"My favorite historical novel . . . a superb re-creation of the Battle of Gettysburg, but its real importance is its insight into what the war was about, and what it meant."--James M. McPherson
In the four most bloody and courageous days of our nation's history, two armies fought for two conflicting dreams. One dreamed of freedom, the other of a way of life. Far more than rifles and bullets were carried into battle. There were memories. There were promises. There was love. And far more than men fell on those Pennsylvania fields. Bright futures, untested innocence, and pristine beauty were also the casualties of war. Michael Shaara's Pulitzer Prize-winning masterpiece is unique, sweeping, unforgettable--the dramatic story of the battleground for America's destiny.
About the Author
Michael Shaara was born in Jersey City in 1928 and graduated from Rutgers University in 1951. His early science fiction short stories were published in Galaxy magazine in 1952. He later began writing other works of fiction and published more than seventy short stories in many magazines, including The Saturday Evening Post, Cosmopolitan, and Redbook. His first novel, The Broken Place, was published in 1968. But it was a simple family vacation to Gettysburg, Pennsylvania, in 1964 that gave him the inspiration for his greatest achievement, the Pulitzer Prize-winning novel The Killer Angels, published in 1974. Michael Shaara went on to write two more novels, The Noah Conspiracy and For Love of the Game, which was published after his death in 1988.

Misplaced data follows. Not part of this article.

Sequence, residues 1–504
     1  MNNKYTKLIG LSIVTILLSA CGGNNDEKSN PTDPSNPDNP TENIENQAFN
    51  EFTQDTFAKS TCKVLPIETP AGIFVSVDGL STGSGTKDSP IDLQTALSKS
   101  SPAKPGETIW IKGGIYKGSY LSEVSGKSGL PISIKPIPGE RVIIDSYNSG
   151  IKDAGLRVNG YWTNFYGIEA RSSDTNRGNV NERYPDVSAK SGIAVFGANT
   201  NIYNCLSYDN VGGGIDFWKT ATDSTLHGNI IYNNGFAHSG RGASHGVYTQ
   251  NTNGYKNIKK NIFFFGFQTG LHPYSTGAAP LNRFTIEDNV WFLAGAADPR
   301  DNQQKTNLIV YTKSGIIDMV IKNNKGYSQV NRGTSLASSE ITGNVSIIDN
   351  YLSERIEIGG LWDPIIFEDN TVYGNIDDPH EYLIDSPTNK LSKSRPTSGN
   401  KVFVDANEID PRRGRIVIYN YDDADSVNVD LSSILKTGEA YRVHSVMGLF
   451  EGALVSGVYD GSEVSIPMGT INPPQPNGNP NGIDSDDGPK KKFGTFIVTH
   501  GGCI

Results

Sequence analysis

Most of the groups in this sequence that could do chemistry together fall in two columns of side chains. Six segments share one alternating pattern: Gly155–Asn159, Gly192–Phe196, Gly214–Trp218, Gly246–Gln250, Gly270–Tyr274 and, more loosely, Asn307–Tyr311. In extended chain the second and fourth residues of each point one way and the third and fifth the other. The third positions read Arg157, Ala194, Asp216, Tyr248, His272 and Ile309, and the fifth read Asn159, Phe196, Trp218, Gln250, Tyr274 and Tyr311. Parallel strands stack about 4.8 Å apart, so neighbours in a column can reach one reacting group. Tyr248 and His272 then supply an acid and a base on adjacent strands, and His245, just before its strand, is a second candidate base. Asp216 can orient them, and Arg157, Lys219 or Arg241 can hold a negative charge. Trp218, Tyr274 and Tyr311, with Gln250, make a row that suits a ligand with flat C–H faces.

“My favorite historical novel . . . a superb re-creation of the Battle of Gettysburg, but its real importance is its insight into what the war was about, and what it meant.”—James M. McPherson
“Remarkable . . . a book that changed my life . . . I had never visited Gettysburg, knew almost nothing about that battle before I read the book, but here it all came alive.”—Ken Burns
“Shaara carries [the reader] swiftly and dramatically to a climax as exciting as if it were being heard for the first time.”—The Seattle Times